I just realized that I didn’t fully understand a feature of the DW hardware.  Although they talk about responding after a fixed delay, they don’t exactly do that.

The ranging process involves sending a packet on a round trip to a peer, which holds the packet for a fixed, and known period before sending it back to the sender.

The hardware will transmit the packet when a system counter reaches a specified value Ttx  The counter is 40 bits long, and wraps every 17 seconds, so it increments a bit every ~16 picoseconds. The same kind of system counter is used to notice the arrival time, Trx,  of the packet demanding the response.  So you would think that Ttx =Trx + fixedDelay.

In fact they use  Ttx = (Trx + fixedDelay) & 0xFFFFFFFE00  which potentially lops about 8ns off the arrival time.  i.e. 2+ meters!   Why do they do this, and why doesn’t it matter?

Here’s my theory.  The actual time we want the packet to leave the antenna is going to be a little after the radio streams out the signals, because they have to crawl down to the antenna.  So there is an antenna delay.  So the radio needs to send the bits out a little early so they leave the antenna at the desired instant.

Now perhaps the chip can’t do carry-arithmetic, so they just make it easy to OR in the antenna delay. In any case the don’t bother unduly about getting the transmit time correct.  All they need to ensure is that they have delayed long enough for the receiver to wake up and start listening.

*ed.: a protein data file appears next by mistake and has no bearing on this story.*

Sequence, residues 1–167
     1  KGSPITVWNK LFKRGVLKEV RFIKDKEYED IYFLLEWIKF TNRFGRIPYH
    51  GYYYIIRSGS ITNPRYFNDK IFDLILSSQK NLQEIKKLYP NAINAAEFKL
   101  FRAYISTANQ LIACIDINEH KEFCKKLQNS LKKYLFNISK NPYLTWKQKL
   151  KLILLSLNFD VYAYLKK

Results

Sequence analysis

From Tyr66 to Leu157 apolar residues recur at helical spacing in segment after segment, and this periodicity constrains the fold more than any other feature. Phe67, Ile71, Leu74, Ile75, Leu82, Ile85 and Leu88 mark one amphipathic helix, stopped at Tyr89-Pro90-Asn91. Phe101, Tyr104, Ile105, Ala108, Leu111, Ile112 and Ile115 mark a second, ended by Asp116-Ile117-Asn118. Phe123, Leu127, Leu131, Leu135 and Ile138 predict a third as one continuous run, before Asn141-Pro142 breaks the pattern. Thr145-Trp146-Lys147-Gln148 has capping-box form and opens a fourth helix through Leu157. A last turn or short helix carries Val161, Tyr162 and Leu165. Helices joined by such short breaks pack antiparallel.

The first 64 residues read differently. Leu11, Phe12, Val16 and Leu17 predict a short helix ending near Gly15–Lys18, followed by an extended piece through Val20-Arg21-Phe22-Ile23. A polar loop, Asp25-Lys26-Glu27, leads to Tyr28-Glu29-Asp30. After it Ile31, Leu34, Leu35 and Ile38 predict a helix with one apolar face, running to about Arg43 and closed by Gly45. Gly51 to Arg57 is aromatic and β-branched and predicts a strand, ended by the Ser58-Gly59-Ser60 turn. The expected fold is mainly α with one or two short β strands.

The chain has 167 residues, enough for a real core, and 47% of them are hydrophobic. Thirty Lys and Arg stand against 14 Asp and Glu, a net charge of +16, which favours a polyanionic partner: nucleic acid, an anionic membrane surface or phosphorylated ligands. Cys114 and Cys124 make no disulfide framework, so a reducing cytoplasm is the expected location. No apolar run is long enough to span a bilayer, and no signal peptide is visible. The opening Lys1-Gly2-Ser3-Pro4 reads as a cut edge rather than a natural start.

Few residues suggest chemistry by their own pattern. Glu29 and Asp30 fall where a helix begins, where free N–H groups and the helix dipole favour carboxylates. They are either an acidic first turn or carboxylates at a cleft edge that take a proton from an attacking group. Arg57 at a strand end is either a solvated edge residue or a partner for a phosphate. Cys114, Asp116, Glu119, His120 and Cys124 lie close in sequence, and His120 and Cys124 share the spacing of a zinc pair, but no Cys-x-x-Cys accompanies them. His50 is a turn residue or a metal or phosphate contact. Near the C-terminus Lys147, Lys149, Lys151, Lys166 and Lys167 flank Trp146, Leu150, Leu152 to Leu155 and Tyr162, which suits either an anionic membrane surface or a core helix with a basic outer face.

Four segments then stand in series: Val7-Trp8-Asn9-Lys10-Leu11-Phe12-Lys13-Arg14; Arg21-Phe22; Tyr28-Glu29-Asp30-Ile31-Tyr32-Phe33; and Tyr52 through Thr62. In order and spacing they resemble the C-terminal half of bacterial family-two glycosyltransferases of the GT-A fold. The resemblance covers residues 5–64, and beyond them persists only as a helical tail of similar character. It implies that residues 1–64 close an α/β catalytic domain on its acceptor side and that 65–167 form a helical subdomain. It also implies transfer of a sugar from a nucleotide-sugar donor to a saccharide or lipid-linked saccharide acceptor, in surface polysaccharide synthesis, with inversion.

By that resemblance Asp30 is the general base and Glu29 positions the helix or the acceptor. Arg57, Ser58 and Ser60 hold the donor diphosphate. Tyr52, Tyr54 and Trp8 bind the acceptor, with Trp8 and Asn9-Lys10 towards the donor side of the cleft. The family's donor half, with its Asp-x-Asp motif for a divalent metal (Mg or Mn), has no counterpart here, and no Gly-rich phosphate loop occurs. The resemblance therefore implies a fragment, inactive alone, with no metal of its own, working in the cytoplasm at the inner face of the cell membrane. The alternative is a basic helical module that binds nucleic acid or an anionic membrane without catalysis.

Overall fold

Ttx = antennaDelayTime + (Trx + fixedDelay) & 0xFFFFFFFE00

Now I’m not sure if the actual transmit time stamp is simply computed and taken as fact, or if some analog magic causes the system counter to get copied at the critical moment.  I suspect the former.

Adding in the antenna delay could produce a value that’s larger than 40 bits.  But the system counter wraps at 40 bits, so the start time is masked at 40 bits too.

Ttx = (antennaDelayTime + (Trx + fixedDelay) & 0xFFFFFFFE00) & 0xFFFFFFFFFF

A potential snag with this mechanism is that something could slow up the host microprocessor from calculating the transmit time.  If that takes so long that the transmit time passes then the game is over, and everything has to start over.

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